sacramento listing agent
Should a listing have a pending sale sign in the yard? It depends. We have a Sacramento listing that recently had five offers. We are pending sale and have two back up offers. One of these two buyers signed a back up addendum and a multiple counter offer form. This buyer is ready to go into a sales contract if the first offer fails for any reason. In this case, the seller wants a pending sale sign in the front yard as soon as possible. The home sold in 5 days, so sellers are thrilled and want the neighbors to know how fast it sold.
Undoubtedly, when I am selling a house 3 times to get paid once, I am doing it solely for the benefit of the seller. Other agents seem to intensely dislike that kind of attitude. They are used to listings agents who rollover and do whatever it takes to close a transaction. It confuses them when they discover that I am not one of those agents who will rollover.
For starters, I care deeply about my fiduciary relationship to the seller and doing what is best for the seller. How do I do that? Well, here’s a hint for ya, I don’t count my chickens before they hatch because even if they never hatch, I don’t care. I care solely about making my sellers happy. It’s a recipe, albeit a weird one for many, but it’s a successful recipe for me. I don’t really know how to better explain it than if you take yourself out of the equation and try to do only what is best for a seller (I know, strange concept), as an agent you will win in the end. And so does the seller. I won’t go so far as to say win-win because that’s not really a concept I subscribe to, and I used to be married to the guy who coined that phrase. In real estate, generally one side, seller or buyer, fares better than the other. That’s the reality.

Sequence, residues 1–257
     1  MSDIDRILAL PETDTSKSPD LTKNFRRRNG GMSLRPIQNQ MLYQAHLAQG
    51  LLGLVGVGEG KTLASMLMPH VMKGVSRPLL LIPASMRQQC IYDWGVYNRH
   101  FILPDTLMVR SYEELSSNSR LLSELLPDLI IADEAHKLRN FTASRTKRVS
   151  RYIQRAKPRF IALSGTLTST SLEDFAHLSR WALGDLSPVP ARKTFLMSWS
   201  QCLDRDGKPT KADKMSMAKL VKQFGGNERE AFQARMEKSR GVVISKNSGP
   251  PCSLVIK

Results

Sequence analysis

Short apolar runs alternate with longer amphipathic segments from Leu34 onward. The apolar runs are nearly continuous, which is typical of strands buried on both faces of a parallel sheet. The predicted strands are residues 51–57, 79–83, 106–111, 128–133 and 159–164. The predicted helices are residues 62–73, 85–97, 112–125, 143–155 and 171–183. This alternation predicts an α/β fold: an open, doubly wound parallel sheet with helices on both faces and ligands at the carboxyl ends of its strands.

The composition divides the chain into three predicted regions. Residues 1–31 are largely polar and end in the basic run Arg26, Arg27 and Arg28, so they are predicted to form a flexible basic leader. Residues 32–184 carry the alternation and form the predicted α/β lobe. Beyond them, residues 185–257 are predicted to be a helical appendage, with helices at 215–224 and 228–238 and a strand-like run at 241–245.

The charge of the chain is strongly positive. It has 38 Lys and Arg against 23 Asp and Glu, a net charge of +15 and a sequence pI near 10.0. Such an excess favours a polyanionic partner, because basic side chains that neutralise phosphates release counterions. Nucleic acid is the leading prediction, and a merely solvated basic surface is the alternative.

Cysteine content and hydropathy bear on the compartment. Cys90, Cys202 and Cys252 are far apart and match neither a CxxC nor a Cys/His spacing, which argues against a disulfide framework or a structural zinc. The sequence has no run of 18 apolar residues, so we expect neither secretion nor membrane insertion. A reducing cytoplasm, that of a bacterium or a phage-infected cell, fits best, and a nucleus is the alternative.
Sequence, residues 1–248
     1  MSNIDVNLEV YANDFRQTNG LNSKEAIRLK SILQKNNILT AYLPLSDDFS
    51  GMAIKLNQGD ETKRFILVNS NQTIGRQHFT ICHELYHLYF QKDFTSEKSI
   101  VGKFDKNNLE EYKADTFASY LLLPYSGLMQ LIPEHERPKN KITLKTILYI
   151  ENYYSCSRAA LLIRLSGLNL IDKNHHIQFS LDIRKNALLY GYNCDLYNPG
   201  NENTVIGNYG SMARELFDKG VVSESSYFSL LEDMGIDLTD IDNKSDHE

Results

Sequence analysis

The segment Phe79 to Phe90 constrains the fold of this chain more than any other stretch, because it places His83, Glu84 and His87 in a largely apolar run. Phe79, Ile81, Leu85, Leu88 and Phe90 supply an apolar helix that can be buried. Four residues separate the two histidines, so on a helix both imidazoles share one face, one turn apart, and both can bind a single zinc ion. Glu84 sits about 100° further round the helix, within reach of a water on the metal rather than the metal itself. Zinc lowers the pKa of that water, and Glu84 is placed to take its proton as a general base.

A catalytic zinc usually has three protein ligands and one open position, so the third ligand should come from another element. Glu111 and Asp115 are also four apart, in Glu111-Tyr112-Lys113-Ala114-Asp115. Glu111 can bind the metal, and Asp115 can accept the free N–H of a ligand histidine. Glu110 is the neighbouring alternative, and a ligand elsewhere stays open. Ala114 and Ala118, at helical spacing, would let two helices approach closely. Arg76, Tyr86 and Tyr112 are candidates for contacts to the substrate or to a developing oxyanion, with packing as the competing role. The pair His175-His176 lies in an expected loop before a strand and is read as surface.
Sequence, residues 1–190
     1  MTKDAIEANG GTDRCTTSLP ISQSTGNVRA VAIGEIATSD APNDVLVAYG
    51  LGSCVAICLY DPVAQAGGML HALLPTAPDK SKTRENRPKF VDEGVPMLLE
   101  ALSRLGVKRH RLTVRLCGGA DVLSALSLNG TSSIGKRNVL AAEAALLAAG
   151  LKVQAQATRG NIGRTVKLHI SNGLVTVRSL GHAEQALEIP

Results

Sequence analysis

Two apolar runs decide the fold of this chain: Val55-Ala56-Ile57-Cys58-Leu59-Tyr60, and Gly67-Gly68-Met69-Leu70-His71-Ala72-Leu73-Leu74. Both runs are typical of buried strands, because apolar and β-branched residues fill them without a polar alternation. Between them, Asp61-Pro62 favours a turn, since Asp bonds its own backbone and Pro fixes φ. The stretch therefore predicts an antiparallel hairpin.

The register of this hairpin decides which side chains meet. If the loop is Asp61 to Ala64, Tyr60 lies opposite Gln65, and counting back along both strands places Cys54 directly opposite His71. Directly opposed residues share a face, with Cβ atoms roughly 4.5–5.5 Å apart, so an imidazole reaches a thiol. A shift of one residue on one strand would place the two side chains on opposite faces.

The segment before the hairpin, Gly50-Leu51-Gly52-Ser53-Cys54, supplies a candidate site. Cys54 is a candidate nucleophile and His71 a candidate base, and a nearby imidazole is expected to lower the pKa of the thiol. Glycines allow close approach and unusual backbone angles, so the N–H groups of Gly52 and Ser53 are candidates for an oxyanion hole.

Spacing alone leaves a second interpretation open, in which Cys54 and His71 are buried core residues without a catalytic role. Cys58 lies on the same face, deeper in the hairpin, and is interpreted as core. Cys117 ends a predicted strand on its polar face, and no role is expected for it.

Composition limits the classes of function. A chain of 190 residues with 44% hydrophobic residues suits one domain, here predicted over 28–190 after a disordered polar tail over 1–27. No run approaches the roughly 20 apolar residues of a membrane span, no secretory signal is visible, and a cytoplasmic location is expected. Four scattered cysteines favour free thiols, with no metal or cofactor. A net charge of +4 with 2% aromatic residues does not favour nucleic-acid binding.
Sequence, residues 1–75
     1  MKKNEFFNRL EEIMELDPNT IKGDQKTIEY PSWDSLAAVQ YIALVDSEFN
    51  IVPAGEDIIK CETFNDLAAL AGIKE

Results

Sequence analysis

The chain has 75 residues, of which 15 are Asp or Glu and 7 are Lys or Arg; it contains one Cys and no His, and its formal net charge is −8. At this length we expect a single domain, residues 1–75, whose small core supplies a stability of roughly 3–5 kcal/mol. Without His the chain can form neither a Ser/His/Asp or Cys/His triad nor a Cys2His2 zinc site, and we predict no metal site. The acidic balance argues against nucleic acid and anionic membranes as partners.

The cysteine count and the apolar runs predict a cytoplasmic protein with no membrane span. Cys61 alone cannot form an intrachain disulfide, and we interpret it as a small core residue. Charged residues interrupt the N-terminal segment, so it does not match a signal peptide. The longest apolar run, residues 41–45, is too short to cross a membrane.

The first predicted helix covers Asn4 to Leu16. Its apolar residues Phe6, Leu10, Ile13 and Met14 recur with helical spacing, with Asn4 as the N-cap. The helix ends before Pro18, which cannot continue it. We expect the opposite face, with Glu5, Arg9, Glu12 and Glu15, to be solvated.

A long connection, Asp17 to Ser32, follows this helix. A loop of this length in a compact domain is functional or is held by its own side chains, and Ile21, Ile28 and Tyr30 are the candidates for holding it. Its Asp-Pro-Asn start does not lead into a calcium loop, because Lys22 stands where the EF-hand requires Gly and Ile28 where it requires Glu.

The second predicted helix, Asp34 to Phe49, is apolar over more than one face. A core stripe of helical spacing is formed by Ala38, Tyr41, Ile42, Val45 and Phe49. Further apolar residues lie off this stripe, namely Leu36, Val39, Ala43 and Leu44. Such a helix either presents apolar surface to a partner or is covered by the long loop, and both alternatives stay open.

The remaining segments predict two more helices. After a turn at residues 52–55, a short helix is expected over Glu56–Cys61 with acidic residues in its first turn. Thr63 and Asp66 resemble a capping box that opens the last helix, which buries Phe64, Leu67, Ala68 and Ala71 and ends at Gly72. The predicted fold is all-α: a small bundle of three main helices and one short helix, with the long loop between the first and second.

A reader from The Balance homebuying website wrote yesterday.She was clear that she had written to me previously and seemed a bit perplexed that I had not yet answered her inquiry, which I had not received. She had a “very important question.” She and her husband had been engaged in “repeated discussions” regarding the color of the walls for their mother’s home. They were preparing the home for sale and could not agree on which colors constitute neutral colors when home selling. She did not understand the word “neutral.”
A client asked yesterday how do home sellers get the money at closing? This couple often prefaces their questions with an apology for not knowing protocol for selling a home. They tend to over-explain about why they ask certain questions, despite my assurances that there are no dumb questions. Because I believe that statement. There are no dumb questions in real estate.
Part of my services to sellers is to be available to answer questions. Regardless of many questions or even how often. If a client has a question, I will answer it. I do know most of the answers. After 40+ years in this business I should, right? Also, I would never think less of a client if they asked a question.
In my real estate practice, I feel sellers prefer to be kept informed, even if something never happens. Because a Sacramento listing agent can certainly throw out a disclaimer. Like, listen, Mrs. Seller, don’t get all excited but this agent says he is sending an offer. In some ways, I know you want to hear everything, and in other ways, maybe not. So you let me know what you want to hear.
The problem with deciding to tell sellers when agents are sending an offer is the offer might never materialize. That is the downside. If the seller gets her hopes up because she hears an offer is forth-coming but never arrives, it can be disappointing. Managing seller reactions and maintaining client happiness in a transaction is an art.